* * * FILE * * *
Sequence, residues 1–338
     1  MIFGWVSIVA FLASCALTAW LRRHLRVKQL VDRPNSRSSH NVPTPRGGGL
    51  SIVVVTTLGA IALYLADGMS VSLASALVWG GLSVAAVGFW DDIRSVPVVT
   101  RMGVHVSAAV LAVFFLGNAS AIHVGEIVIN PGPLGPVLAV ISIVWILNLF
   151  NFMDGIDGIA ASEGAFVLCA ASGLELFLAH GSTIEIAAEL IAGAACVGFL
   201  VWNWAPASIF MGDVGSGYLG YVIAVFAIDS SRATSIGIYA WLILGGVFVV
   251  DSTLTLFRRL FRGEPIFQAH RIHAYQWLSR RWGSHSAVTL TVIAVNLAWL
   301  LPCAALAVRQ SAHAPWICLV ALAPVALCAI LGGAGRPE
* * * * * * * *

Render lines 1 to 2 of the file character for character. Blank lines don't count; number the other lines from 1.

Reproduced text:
Sequence, residues 1–338
     1  MIFGWVSIVA FLASCALTAW LRRHLRVKQL VDRPNSRSSH NVPTPRGGGL